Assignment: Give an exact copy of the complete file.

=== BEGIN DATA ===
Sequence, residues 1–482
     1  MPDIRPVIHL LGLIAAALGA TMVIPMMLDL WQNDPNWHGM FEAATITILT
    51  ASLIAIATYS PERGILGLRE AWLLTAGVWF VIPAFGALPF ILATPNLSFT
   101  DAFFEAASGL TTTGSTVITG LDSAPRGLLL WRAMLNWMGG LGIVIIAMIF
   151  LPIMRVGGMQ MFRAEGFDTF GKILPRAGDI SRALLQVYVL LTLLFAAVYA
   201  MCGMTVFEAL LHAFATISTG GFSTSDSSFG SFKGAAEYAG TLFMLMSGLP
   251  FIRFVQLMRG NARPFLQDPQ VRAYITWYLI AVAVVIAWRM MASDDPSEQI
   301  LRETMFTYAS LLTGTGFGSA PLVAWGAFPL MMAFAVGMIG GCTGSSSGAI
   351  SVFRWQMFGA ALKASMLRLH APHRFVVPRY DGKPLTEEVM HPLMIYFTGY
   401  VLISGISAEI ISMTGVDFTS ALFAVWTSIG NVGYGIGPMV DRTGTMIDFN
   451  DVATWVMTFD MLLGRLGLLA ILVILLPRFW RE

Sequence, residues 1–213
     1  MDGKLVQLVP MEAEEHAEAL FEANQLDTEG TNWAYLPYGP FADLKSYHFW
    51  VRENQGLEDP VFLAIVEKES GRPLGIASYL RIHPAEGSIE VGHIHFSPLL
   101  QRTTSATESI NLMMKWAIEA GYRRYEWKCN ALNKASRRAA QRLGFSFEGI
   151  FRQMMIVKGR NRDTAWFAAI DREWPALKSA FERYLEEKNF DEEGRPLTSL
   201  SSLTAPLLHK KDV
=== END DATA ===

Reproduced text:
Sequence, residues 1–482
     1  MPDIRPVIHL LGLIAAALGA TMVIPMMLDL WQNDPNWHGM FEAATITILT
    51  ASLIAIATYS PERGILGLRE AWLLTAGVWF VIPAFGALPF ILATPNLSFT
   101  DAFFEAASGL TTTGSTVITG LDSAPRGLLL WRAMLNWMGG LGIVIIAMIF
   151  LPIMRVGGMQ MFRAEGFDTF GKILPRAGDI SRALLQVYVL LTLLFAAVYA
   201  MCGMTVFEAL LHAFATISTG GFSTSDSSFG SFKGAAEYAG TLFMLMSGLP
   251  FIRFVQLMRG NARPFLQDPQ VRAYITWYLI AVAVVIAWRM MASDDPSEQI
   301  LRETMFTYAS LLTGTGFGSA PLVAWGAFPL MMAFAVGMIG GCTGSSSGAI
   351  SVFRWQMFGA ALKASMLRLH APHRFVVPRY DGKPLTEEVM HPLMIYFTGY
   401  VLISGISAEI ISMTGVDFTS ALFAVWTSIG NVGYGIGPMV DRTGTMIDFN
   451  DVATWVMTFD MLLGRLGLLA ILVILLPRFW RE

Sequence, residues 1–213
     1  MDGKLVQLVP MEAEEHAEAL FEANQLDTEG TNWAYLPYGP FADLKSYHFW
    51  VRENQGLEDP VFLAIVEKES GRPLGIASYL RIHPAEGSIE VGHIHFSPLL
   101  QRTTSATESI NLMMKWAIEA GYRRYEWKCN ALNKASRRAA QRLGFSFEGI
   151  FRQMMIVKGR NRDTAWFAAI DREWPALKSA FERYLEEKNF DEEGRPLTSL
   201  SSLTAPLLHK KDV